Ranson-Walsh: Part of what makes the entertainment industry so toxic is that lines are so blurry. The business runs on parties, which is how people make deals, meet collaborators, network — there’s this perfect storm, a fertile ground for misbehavior. And it’s not just sexual. It affects the formality or informality of professional relationships and friendships.

Wain: What does being single now mean? Having a “spark” with someone has a different, careful weight to it. I’m questioning myself all the time—“I’m not crossing
the line, right?” It’s complicated. What, if anything, is appropriate? Can I only flirt with someone who I could possibly never potentially hire? Or, do I only date outside show business, which in LA is an interesting proposition. One thing I know is that any dinner or drink that is — or could be — a date, I need to be ultra clear up front. This is one good thing about dating apps. If I meet someone on Bumble, there’s no ambiguity about why two people are meeting, right?

Ranson-Walsh: Desire is a real thing. The shitty thing that could come out of this is that we turn off our bodies and we turn off the way we energetically connect with people. There’s gotta be a way to deal with people sexually, and that energy, in a way that’s not fucked up.

Anonymous director: I’ve never had hookups on set. I’ve never been someone who has relationships with my actors during or after production. I never got that, that directors would have relationships with their actors or crew, because I always felt it would get complicated. How would you manage it? But set can feel like summer camp for crew and cast: isolated somewhere, making art, and one thing leads to another, and people hook up. You have to be careful in this environment about how you handle yourself — the days of willy-nilly making passes at people are over. And it’s more complicated when you’re in positions of power.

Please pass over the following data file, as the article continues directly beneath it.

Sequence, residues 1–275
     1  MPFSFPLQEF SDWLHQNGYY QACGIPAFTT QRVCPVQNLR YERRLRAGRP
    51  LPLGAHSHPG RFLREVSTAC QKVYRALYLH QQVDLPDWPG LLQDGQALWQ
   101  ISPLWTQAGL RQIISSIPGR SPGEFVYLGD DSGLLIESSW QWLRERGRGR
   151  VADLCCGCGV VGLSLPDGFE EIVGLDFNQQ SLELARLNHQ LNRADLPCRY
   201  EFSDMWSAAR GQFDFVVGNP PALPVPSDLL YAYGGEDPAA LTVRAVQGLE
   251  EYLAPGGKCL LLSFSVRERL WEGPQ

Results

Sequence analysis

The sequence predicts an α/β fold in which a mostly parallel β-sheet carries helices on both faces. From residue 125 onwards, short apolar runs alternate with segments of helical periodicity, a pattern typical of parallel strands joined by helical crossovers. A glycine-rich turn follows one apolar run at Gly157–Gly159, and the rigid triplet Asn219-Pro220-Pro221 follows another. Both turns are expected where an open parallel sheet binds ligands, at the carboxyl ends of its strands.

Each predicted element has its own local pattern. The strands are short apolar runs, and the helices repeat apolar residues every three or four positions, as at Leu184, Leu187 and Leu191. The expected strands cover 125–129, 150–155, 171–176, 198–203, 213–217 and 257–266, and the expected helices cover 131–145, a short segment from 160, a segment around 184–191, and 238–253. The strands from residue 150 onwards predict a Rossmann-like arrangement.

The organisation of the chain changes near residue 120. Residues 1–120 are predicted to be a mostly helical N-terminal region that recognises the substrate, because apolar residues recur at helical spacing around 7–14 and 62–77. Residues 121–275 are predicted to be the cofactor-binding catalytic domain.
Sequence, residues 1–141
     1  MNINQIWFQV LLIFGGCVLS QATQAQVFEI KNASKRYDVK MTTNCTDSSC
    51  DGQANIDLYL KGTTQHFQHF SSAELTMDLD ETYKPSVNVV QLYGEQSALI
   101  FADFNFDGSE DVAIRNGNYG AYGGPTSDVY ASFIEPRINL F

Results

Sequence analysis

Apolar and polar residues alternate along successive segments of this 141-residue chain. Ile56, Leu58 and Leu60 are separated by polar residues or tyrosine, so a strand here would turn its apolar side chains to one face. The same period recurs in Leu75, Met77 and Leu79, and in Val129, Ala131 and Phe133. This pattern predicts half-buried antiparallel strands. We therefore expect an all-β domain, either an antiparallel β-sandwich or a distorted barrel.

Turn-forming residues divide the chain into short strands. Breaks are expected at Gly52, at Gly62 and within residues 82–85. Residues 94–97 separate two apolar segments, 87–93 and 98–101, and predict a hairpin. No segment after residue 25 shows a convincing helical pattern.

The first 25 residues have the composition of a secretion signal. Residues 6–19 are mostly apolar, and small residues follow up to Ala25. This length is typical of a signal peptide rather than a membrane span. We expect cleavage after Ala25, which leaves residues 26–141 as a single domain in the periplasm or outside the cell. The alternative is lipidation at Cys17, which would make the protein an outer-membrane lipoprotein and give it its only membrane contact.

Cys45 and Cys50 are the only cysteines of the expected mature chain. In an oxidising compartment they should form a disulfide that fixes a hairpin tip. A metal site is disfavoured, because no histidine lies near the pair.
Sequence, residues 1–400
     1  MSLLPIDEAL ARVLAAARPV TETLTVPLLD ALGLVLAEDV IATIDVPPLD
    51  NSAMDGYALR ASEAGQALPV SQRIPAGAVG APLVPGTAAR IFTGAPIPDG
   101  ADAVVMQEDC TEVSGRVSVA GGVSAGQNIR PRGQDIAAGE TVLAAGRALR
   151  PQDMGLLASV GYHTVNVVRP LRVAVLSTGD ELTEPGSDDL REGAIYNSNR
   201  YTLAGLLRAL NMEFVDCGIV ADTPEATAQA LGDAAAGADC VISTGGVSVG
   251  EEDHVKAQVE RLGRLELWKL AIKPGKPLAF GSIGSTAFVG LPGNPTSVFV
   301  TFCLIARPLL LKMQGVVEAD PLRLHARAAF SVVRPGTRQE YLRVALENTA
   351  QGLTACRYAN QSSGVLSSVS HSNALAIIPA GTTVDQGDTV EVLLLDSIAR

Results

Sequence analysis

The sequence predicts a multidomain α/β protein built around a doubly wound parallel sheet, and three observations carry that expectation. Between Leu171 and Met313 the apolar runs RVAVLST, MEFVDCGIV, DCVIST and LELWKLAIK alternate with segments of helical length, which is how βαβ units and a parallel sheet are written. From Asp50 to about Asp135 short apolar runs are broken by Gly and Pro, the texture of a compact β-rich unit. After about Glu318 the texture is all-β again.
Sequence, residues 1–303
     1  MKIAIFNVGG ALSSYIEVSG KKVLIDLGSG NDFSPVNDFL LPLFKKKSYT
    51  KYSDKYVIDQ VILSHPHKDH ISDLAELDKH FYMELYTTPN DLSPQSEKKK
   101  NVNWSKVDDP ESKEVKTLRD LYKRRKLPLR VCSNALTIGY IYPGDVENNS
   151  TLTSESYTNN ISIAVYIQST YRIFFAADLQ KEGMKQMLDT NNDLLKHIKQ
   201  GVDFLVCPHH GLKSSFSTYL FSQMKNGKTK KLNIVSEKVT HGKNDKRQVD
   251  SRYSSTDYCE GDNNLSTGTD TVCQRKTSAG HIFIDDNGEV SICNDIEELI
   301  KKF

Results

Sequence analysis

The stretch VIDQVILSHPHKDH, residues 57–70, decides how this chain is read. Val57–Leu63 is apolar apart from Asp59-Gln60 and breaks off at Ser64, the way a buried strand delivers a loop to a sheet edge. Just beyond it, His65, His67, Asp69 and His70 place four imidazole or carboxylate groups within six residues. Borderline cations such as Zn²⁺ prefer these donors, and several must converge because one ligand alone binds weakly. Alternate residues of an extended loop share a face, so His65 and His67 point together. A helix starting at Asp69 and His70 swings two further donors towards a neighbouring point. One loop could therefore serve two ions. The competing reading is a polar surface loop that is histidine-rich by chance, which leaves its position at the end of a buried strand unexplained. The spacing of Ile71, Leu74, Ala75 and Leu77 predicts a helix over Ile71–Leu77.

Pirro: This industry thrives on power. I think there’s something romantic about saying that change will come from a grassroots, ground-up movement, but I think that change will come from the top down. Leaders need to ask for feedback. What can we do to listen, to be open? These questions aren’t asked by people who are afraid to lose their power.

Porterfield: I believe in reparations, ideologically and politically: We have to pay it forward and put more women in leadership positions. I feel like there should be more quotas in the industry, supported by unions like SAG, grant organizations, and film commissions. SAG already has diversity initiatives, and that’s great, but productions should be rewarded for meeting certain hiring quotas to create more jobs for women and for people of color. There’re lots of jobs and lots of work to go around. We should share it more equally. Organizations that produce and support indie film could mandate that. They could put the systems in place.

Gottwald: In terms of changing culture, we’re just beginning to embrace female auteurs and new generations of them presiding over a female culture that’s exuding something new and different. This isn’t about female producers checking out in the men’s clubhouse. This is about women holding power to create their own power.

Hersh: What I envision is people working in an industry reflecting the demographics of the city or country they’re in. Seven percent of all films should be directed by black women because that’s seven percent of America. It’s not impressive to have that; it’s what it should be. I do think there are elements of change happening, but we have a long way to go. In fact, I won’t feel that anything is done until we can look back and see that 50% of all films ever made have been directed by women. Then I’ll know that we’ve gotten there.

Pirro: Looking back on my time at TWC, I’m thinking about what we did know and what we didn’t. It’s hard to pinpoint the level of detail in which we knew and what we surmised. It’s been a challenge to think about the ways we’re capable of deflecting what’s right in front of us. There are contradictions I haven’t yet worked out. There’s been a lot of group therapy between the people who have had hands in that company and know the culture of silence that persisted. We’ve found each other and talked candidly about our memories — less about specific stories and more just acknowledging that that was wrong, that was not normal, never was and never will be.